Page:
With the fall in ivory trade in China by nearly two thirds and the ban on global trade in ivory taking effect yesterday, wildlife conservationists are eyeing a bright future.
NAIROBI: With the fall in ivory trade in China by nearly two thirds and the ban on global trade in ivory taking effect yesterday, wildlife conservationists are eyeing a bright future.
A new research released on Wednesday has found that commitment by the Chinese government to close all domestic trade in tusks and its products is paying off.
The new report by Save the Elephants’ consultants Lucy Vigne and Dr Esmond Marti details a decline in the retail market up to the end of 2015.
“The price of ivory is falling as people realise they have to get rid of the ivory they have before the ban on trade takes effect,” said Dr Martin of the University of Liverpool who has done extensive research on ivory trade in Africa since the 1960s.
Ivory is no longer sustainable for China since it has become a high risk, low return investment, the researcher say.
Martin found that the drop in price of ivory in China is directly proportional to the drop in poaching incidences in Kenya. The updated decline in wholesale prices was conducted in January 2017.
In early 2014, the wholesale price of tusks was Sh210,000 for each kilogramme, dropping to Sh110,000 in 2015. The latest update shows that by January, the prices had dropped to Sh73,000. China’s 34 ivory factories were expected to close by yesterday.
By the end of the year, the 130 retail outlets for ivory will be closed, dealing the final blow to ivory poaching which has led to a drastic decline in the number of elephants to just 415,000 globally.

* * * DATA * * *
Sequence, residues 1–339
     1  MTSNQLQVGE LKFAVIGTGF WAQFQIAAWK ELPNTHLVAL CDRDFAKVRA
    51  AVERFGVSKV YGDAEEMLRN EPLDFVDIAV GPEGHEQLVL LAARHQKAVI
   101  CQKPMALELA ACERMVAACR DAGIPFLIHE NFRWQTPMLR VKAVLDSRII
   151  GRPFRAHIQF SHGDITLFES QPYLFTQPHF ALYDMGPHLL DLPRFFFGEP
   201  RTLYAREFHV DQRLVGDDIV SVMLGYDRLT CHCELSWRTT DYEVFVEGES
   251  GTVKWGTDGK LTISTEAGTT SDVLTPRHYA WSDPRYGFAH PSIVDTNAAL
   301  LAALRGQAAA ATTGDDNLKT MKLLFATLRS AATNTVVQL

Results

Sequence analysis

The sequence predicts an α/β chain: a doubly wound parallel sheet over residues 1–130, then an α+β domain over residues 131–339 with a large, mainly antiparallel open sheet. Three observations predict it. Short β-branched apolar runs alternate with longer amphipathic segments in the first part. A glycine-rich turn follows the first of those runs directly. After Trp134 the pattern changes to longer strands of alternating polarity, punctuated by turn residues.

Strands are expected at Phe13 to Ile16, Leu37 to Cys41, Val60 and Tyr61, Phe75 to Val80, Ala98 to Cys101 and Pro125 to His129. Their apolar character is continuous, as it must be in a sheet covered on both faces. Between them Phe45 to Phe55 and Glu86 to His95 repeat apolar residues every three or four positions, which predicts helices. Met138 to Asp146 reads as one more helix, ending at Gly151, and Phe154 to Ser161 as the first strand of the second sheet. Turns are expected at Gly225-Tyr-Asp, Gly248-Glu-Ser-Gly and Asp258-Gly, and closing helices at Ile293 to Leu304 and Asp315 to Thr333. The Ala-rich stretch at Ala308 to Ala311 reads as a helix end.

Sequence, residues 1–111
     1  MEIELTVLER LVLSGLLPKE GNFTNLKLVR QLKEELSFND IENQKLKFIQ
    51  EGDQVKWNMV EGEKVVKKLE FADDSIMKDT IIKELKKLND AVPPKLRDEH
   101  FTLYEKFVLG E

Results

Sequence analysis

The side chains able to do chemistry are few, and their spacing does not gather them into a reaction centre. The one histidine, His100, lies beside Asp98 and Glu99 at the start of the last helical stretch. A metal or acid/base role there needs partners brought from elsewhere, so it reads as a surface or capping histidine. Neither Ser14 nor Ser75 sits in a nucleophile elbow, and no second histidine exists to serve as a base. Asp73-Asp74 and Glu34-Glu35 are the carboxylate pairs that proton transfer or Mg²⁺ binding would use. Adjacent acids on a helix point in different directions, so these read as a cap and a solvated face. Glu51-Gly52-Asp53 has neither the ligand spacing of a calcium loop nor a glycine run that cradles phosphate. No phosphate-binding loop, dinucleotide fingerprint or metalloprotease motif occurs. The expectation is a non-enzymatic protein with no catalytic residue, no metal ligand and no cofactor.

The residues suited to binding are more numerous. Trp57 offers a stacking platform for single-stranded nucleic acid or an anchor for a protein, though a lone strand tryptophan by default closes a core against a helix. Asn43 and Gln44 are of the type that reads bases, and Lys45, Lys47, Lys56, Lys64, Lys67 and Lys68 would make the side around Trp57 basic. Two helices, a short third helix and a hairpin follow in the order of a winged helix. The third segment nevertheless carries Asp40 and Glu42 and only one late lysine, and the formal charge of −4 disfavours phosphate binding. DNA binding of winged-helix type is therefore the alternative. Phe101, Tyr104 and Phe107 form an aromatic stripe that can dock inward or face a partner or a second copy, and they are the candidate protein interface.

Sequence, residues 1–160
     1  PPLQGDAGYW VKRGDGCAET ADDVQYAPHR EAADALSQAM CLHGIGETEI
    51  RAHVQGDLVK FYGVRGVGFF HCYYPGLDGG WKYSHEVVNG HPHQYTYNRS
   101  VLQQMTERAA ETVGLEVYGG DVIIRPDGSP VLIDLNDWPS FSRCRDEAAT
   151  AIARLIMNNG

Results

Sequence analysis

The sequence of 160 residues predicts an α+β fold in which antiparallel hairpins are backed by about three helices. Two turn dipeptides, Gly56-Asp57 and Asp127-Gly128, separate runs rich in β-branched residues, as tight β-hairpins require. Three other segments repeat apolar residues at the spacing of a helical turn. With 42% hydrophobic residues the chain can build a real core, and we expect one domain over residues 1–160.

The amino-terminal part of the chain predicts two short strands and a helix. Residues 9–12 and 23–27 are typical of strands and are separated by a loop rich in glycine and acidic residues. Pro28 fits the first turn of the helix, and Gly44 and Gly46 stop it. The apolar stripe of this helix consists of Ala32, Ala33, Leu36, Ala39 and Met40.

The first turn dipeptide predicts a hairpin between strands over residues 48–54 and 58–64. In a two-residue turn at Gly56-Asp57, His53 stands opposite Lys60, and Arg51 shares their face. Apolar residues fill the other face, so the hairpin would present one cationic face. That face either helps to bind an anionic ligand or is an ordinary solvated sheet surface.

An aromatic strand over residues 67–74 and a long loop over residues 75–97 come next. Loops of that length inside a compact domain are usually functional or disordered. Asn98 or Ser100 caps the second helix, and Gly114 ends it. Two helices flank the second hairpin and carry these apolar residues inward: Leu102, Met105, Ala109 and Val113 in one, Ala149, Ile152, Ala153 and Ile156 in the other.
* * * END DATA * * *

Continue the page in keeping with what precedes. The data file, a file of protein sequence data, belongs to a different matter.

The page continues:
“Findings from 2015 and 2016 in China show that the legal ivory trade, especially, has been severely diminished,” Vigne wrote in the report.
Some of the factors that have contributed to the drop in ivory trade include a slump in Chinese economy, which has made fewer people able to afford luxury goods like ivory and its products.
The drop in corruption cases due to sustained crackdown by the Chinese government has also dissuaded business people from buying expensive ivory products for government officials as favours.
Increased public awareness campaigns has also exposed more Chinese to the profound effects brought about by the trade, especially on Africa’s elephants. Small jewellery items were a top seller in ivory retail shops, with pendants being the most common item. Large tusks and figures were found only in licenced outlets where legal master carvers operate.
In Africa alone, the number of elephants killed each year ranges from 20,000 to 25,000.
An annual report by the Kenya Wildlife Service (KWS) stated that 302 elephants were lost to poaching in 2013, but the number dropped to 137 in 2014. Kenya’s elephant population is estimated to be 38,000.